Access to personal origins: can one search for the identity of one's parents?

Verified 15 March 2022 - Directorate for Legal and Administrative Information (Prime Minister)

Access to origins for persons born from donor LDCs

Published on 3 August 2021

Rules on access to origins are evolving.

The bioethics act of 2 august 2021 is being applied.

Currently, children born from a sperm or egg donation cannot access the identity or important information about their donor because the donation is anonymous.

The information given on this page remains current and will be amended as soon as the text enters into force.

Children born as a result of an X-linked birth have the possibility to access their personal origins, under certain conditions. On the other hand, children from assisted reproductive technology (ART) who donate sperm or oocytes do not have the opportunity to access their origins.

If you were born to a delivery under X, if you have been placed at child welfare (Ase) or at an adoption agency, you can request access to your origins to know the identity of your parents.

In principle, you must be of age. If you are under guardianship, your guardian must submit the application on your behalf.

However, you can also apply if you are a minor and you are able to judgment. The agreement of your legal representative (parents, adoptive parents, ascendant on-line or from your guardian (if you are ward of government) is required.

Your legal representative may also make a request on your behalf.

The request must be made in writing to the National Council for Access to Personal Origins (CNAOP).

Who shall I contact

You (or your legal representative) must provide proof of your identity:

The application must be accompanied by a completed questionnaire:

Questionnaire to be completed for a request for access to his personal origins


the child welfare department of the departmental council that holds your administrative file can help you make the request.

Who shall I contact

Reporting depends on the situation of the child's birth parents.

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The parents have lifted the secret of their identity

Parents can take the initiative to remove the confidentiality of their identity by sending a letter to the CNAOP. This letter must specify the child's first name, date and place of birth.

Parents should also provide their current contact information.

The CNAOP will then inform them that this decision will be communicated to you (or your legal representative) only if you make a request for access to its origins.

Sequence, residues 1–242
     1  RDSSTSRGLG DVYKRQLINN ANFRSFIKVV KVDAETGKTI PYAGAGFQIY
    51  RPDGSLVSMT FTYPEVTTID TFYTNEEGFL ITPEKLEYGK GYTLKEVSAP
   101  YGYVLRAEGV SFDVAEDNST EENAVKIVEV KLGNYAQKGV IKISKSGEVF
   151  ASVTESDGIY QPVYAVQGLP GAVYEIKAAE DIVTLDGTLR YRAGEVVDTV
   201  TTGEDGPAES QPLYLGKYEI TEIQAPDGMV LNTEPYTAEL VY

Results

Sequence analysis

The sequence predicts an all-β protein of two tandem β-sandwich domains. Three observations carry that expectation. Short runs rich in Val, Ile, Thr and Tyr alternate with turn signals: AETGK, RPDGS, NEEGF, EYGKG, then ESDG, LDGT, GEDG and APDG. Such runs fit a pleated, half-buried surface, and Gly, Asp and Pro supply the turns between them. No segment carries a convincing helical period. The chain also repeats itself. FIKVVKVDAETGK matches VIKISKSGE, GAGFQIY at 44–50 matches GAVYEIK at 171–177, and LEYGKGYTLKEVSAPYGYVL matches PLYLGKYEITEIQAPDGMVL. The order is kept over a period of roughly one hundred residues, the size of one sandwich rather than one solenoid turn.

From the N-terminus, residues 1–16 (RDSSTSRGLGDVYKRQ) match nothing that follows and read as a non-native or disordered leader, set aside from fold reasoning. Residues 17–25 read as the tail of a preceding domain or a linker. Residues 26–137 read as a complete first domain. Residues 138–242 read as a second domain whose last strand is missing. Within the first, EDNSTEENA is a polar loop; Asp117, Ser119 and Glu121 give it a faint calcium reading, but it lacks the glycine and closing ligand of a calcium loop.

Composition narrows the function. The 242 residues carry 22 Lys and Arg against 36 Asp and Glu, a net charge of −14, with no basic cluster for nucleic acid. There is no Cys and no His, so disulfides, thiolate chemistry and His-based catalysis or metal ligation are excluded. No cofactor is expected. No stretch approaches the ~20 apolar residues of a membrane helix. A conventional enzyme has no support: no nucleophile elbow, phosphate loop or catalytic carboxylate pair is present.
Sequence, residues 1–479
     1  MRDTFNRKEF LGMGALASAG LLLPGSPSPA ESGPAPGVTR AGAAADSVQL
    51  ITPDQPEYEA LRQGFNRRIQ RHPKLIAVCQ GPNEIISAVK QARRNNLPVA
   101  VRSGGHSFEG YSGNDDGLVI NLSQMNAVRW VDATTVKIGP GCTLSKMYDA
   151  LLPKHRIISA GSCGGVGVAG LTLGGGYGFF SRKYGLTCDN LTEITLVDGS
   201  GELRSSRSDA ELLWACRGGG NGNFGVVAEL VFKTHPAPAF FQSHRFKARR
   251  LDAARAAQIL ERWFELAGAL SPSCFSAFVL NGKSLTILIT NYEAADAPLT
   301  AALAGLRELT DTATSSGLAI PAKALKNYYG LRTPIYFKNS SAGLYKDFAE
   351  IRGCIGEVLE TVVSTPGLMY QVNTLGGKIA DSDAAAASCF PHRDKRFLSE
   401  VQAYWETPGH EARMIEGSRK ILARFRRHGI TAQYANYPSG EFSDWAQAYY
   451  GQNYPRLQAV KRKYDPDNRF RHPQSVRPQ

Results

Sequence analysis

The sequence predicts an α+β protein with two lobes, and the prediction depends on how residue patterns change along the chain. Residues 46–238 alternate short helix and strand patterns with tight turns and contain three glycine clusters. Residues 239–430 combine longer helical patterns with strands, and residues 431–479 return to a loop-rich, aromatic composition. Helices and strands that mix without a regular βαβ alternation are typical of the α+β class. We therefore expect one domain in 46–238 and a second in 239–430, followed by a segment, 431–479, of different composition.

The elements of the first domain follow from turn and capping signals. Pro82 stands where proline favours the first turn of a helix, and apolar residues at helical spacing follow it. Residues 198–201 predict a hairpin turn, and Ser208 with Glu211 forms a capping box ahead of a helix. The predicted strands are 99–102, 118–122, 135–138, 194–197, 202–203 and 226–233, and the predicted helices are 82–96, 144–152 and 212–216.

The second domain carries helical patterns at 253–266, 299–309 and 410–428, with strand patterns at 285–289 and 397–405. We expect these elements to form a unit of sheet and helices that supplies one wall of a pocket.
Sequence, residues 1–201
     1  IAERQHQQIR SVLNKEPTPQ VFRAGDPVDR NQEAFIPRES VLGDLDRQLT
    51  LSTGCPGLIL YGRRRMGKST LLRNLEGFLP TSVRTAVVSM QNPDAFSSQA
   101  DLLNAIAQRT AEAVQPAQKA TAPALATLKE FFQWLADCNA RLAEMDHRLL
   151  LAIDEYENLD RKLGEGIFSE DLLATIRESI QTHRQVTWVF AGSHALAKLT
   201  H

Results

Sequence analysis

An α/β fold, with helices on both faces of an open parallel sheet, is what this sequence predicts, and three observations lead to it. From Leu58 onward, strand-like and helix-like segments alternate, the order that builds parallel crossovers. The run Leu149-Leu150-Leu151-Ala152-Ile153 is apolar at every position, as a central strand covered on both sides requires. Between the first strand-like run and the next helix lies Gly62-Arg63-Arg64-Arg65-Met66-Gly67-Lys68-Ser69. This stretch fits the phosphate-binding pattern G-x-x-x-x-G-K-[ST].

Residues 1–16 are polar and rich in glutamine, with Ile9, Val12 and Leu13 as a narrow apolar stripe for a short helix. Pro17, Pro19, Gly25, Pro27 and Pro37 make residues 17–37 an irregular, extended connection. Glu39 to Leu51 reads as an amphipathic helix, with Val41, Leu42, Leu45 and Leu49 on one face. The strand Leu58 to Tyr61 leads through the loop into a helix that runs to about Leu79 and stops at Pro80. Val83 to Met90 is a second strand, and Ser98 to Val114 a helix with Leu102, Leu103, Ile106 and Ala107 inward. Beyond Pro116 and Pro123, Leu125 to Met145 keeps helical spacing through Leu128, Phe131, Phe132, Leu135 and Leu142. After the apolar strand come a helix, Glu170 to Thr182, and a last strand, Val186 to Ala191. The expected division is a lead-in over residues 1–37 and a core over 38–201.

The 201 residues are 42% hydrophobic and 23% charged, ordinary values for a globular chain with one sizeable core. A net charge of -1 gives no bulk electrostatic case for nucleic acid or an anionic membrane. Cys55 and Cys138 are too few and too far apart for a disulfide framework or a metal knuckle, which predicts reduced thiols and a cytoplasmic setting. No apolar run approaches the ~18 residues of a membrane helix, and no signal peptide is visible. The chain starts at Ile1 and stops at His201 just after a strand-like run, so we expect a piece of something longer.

Parents can also ask the CNAOP if a search for access to the origins has already been done by the child.


the descendants, ascendants and siblings of parents of birth can also declare their identity to the CNAOP.

The parents didn't come forward

If the parents have not come forward, the CNAOP will verify with them that they agree that you (or your legal representative) should learn your identity.

The parents died

The identity secret is lifted unless the deceased parent(s) had expressed a contrary wish on the occasion of a request to know your origins.

Thus, if the parent was not interrogated during his lifetime or if, while he was interrogated, he did not refuse the lifting of his identity after his death, his identity may be revealed to you. In this case, a member of the CNAOP notifies the family of the birth parent and offers them psychological support, justified by the unexpected or painful nature of the revelations.

If the identity of the parents has been lifted, the CNAOP will provide you with the following information:

  • Identity of your mother and/or father (and those of descendants, ascendants and siblings)
  • Your origins (place of birth, health of your parents, circumstances of placement, ...)
  • Reasons for your placement in Asia or an adoption agency


when a genetic defect is detected in a child born under X or a ward of the State or in one of its parents, which can cause a serious illness during a medical examination, the CNAOP is authorized to consult the national directory for the identification of natural persons. He can then inform his ascendants or descendants that there is important medical information that may affect them, without revealing the identity of the person concerned.

Access to origins has no effect on civil status and parentage.

It therefore does not give rise to any right and/or obligation for the benefit or at the expense of anyone.

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